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M&G Data Desk
14 May 2019 11:30
A record number of 14 parties will take up the 400 seats in the National Assembly. (David Harrison/M&G)
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South Africa’s sixth Parliament will sit in a week, after an intensely fought election. A record number of 14 parties will take up the 400 seats in the National Assembly.
The previous high was 13 parties.
With voters leaving the ANC and Democratic Alliance (DA), there is now space for new faces, to sit next to some faces that have been in Parliament for a long time.
Despite losing 19 seats, the ANC is still the dominant party in Parliament. It now has 230 seats. The DA has also dropped support, losing five seats. It now holds 84 seats. The Economic Freedom Fighters has been the big winner in terms of number of seats gained, growing from 25 to 44 and sending a whole host of new faces to Parliament.
More change will come from the Freedom Front Plus (FF+), which has grown from four to 10 seats in the National Assembly. The mainly white and Afrikaans-speaking party received more than double its previous support, after electioneering on removing affirmative action, doing away with an incompetent government and halting the possibility of expropriation without compensation. According to Netwerk24, Wynand Boshoff, the grandson of Hendrik Verwoerd — commonly known as the architect of apartheid — will be taking up a seat for FF+.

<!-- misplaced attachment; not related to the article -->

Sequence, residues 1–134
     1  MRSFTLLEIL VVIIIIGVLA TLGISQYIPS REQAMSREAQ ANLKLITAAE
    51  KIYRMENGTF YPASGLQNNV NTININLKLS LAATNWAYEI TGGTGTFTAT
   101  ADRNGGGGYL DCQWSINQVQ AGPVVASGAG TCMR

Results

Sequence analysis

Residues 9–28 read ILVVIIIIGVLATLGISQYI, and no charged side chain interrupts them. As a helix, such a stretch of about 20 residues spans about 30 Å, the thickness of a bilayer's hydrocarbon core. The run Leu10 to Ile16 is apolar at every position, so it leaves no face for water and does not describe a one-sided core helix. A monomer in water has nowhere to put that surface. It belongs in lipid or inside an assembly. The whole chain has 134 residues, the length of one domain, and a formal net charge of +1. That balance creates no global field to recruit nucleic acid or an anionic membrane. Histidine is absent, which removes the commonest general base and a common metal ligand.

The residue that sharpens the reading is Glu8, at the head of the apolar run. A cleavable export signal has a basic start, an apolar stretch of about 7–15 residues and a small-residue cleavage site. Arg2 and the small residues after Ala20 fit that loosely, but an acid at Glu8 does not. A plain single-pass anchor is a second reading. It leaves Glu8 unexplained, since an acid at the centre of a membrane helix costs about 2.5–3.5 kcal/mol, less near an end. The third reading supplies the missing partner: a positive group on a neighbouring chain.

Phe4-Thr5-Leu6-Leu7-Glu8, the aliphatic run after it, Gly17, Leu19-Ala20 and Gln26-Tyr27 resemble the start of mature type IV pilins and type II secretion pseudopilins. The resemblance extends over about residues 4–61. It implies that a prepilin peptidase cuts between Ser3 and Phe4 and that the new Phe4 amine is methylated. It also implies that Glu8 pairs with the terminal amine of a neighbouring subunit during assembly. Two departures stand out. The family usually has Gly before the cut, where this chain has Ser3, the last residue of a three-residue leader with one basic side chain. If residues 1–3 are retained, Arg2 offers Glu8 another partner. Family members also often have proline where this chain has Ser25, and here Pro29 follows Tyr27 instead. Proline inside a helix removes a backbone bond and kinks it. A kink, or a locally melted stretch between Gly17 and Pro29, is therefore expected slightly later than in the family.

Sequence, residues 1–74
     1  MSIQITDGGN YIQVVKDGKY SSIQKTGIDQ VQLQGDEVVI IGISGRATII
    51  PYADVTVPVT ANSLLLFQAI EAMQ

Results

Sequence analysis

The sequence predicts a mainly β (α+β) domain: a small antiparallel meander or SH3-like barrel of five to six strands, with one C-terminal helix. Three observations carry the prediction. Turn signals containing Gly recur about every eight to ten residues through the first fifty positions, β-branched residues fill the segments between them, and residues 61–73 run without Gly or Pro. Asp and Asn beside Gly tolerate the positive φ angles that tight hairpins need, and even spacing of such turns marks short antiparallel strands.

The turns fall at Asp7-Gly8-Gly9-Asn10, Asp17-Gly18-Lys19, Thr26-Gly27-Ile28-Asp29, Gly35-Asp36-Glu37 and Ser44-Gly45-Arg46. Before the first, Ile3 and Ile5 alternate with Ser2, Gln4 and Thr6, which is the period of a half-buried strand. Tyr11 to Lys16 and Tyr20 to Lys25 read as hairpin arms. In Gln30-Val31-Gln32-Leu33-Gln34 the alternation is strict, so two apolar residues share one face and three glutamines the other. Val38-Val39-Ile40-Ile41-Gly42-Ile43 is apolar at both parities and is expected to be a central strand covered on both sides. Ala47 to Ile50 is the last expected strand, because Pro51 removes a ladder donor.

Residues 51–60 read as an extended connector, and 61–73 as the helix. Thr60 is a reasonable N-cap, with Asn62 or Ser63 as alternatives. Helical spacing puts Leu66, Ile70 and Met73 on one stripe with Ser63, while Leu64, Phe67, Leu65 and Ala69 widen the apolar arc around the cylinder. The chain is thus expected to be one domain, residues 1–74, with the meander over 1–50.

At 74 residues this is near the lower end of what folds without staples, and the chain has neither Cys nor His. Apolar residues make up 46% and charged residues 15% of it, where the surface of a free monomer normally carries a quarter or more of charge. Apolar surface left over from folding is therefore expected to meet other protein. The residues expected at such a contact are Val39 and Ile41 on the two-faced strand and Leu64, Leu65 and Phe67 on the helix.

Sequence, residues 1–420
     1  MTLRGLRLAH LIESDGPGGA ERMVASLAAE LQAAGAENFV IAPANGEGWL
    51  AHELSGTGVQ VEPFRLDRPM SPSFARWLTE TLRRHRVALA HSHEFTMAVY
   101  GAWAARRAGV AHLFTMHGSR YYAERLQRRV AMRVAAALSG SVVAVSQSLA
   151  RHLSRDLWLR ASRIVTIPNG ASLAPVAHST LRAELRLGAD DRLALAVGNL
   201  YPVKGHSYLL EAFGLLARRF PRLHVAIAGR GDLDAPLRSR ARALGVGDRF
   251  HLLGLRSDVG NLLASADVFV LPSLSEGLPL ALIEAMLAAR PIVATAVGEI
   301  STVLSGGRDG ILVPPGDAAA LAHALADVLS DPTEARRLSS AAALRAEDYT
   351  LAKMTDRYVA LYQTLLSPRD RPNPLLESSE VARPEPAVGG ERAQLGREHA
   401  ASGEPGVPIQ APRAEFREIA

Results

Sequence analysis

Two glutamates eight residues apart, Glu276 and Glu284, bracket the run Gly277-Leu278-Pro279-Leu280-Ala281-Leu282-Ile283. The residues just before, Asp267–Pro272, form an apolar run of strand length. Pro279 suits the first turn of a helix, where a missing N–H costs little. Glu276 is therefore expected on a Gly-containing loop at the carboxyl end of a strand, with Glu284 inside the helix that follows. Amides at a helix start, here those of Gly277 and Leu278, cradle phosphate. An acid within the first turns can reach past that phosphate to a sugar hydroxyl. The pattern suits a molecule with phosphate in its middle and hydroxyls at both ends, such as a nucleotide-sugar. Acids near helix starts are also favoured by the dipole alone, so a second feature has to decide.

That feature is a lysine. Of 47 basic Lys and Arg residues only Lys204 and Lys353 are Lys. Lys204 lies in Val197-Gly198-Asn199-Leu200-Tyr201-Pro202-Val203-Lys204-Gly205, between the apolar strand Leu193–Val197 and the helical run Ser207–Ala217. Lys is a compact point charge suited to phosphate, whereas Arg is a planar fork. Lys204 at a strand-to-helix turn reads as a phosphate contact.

Newcomer parties that have made the cut to serve the country include former Cape Town mayor Patricia de Lille’s GOOD party and the African Transformation Movement with two seats each. Al Jama-ah — which according to its website is a Muslim party — secured one seat.
The growth of these small parties, and of the FF+ and EFF, has meant fewer votes for other parties, and some parties not even making it to Parliament. Agang SA, which was established in 2013 by former anti-apartheid activist, Dr Mamphela Ramphele will not have a seat. Themba Godi — the chairperson of the standing committee on public accounts and head of the African People’s Convention — will, after 10 years, not return to Parliament.
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